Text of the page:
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AJCongress criticizes UNRWA Commissioner-General for one-sided assessment of Gaza situation

June 23, 2010 Leave a comment

NEW YORK (Press Release)–Accusing him of departing from his role as a neutral civil servant of the international community, AJCongress today criticized UNRWA Commissioner-General Fillipo Grandi for his failure to acknowledge that Israel has legitimate security reasons to restrict the flow of goods and people in Gaza and the West Bank.

In an address to UNRWA’s Advisory Committee, Commissioner-General Grandi insisted that only a total lifting of Israel’s ban on “the free, two-way flow of people, commercial and humanitarian goods” into Gaza and between Gaza and the West Bank would suffice. Nowhere in Mr. Grandi’s lengthy remarks was there any acknowledgement that Israel had valid security concerns which would be undercut by such a policy.

In a letter to Mr. Grandi, AJCongress wrote: “In the course of criticizing Israel’s agreement to loosen its embargo on Gaza as insufficient, you call for ‘nothing short of the free, two-way flow of people, commercial and humanitarian goods’ and note that ‘nothing less will restore the trust [of Palestinians] in the international community.’ Not a word about Israel’s legitimate security concerns—which Quartet spokesman Tony Blair and many others continue to insist remain valid. Do you really believe that allowing Hamas fighters to cross from Gaza to the West Bank or Iran to arm Hamas and other violent factions in Gaza through open borders is a contribution to peace, let alone consistent with Israeli’s security concerns? United Nations officials ignoring Israel’s security concerns surely do nothing for Israel’s “trust in the international community.” (Click here to read full letter)

AJCongress asked the UNRWA head to “set the formal record straight,” acknowledging that Israel’s valid security concerns may result in restrictions on Palestinian civilians.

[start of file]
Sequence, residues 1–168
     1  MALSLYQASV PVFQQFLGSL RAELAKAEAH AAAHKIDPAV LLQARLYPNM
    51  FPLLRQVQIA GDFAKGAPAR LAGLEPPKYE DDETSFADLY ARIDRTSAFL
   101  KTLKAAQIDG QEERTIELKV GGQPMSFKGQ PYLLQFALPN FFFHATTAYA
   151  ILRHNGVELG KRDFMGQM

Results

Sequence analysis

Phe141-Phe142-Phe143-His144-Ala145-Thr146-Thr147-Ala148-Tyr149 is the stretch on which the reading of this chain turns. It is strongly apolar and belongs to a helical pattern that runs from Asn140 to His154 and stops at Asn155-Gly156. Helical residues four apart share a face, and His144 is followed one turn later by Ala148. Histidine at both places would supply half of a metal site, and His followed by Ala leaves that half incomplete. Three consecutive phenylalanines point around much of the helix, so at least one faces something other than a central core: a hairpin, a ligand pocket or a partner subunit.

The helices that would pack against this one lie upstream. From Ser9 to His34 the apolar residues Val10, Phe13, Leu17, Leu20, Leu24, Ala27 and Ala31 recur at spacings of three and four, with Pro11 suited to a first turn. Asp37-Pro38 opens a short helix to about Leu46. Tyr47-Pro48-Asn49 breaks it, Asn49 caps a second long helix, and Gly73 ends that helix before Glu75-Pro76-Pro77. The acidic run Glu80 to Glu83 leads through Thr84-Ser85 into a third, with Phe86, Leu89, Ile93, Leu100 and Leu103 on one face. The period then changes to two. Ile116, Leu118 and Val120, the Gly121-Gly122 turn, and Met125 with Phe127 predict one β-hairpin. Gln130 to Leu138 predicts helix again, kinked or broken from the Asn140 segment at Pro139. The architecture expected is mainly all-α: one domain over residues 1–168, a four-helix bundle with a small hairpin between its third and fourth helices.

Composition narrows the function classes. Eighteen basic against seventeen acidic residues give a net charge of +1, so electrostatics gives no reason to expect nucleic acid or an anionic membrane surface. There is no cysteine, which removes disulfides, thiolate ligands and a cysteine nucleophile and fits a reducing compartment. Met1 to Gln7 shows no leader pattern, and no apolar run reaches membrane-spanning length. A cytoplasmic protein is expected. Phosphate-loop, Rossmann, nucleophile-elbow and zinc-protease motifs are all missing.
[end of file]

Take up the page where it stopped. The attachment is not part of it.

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Preceding provided by American Jewish Congress

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Quartet praises changes in Israel’s policy towards Gaza

June 21, 2010 Leave a comment

WASHINGTON, D.C. (Press Release) — The following statement by the Quartet consisting of the United Nations, United States, European Unon and Russian Federation was issued on Monday in response to Israel’s decision to allow freer flow of non-military goods to Gaza:

The Quartet re-affirms that the current situation in Gaza, including the humanitarian and human rights situation of the civilian population, is unsustainable, unacceptable, and not in the interests of any of those concerned. The Quartet reiterates its call for a solution that addresses Israel’s legitimate security concerns, including an end to weapons smuggling into Gaza; promotes Palestinian unity based on the Palestine Liberation Organization commitments and the reunification of Gaza and the West Bank under the legitimate Palestinian Authority; and ensures the unimpeded flow of humanitarian aid, commercial goods and persons to and from Gaza, consistent with United Nations Security Council resolution 1860 (2009). The Quartet declares its readiness to work closely with Israel, the Palestinian Government and international donors in order to achieve sustainable economic development on the basis of the full implementation of the Agreement on Access and Movement of 2005 and in the broader perspective of the two-state solution.

Consistent with these objectives, the Quartet and the Quartet Representative have worked with Israel, as well as consulting the Palestinian Authority, Egypt, and other concerned parties, to effect a fundamental change in policy in Gaza. The new policy towards Gaza just announced by the Government of Israel is a welcome development. The Quartet notes that the elaboration of further details and modalities of implementation will be important in ensuring the effectiveness of the new policy. Full and effective implementation will comprise a significant shift in strategy towards meeting the needs of Gaza’s population for humanitarian and commercial goods, civilian reconstruction and infrastructure, and legitimate economic activity as well as the security needs of Israel. The Quartet will continue to work with Israel, the Palestinian Authority, and other concerned parties to ensure these arrangements are implemented as quickly as possible. The Quartet affirms that much work remains to achieve fully the solution stated above, and, in consultation with the concerned parties, it will monitor closely the implementation of the policy in all its aspects. It will actively explore additional ways to improve the situation in Gaza, encourage involvement of the PA at the crossings and promote greater commerce between the West Bank and Gaza.

The Quartet stresses the importance of United Nations and other international interventions, as well as the work of local non-governmental organizations, to be expanded in Gaza to meet urgent civilian needs, and calls on all parties to fully enable this work.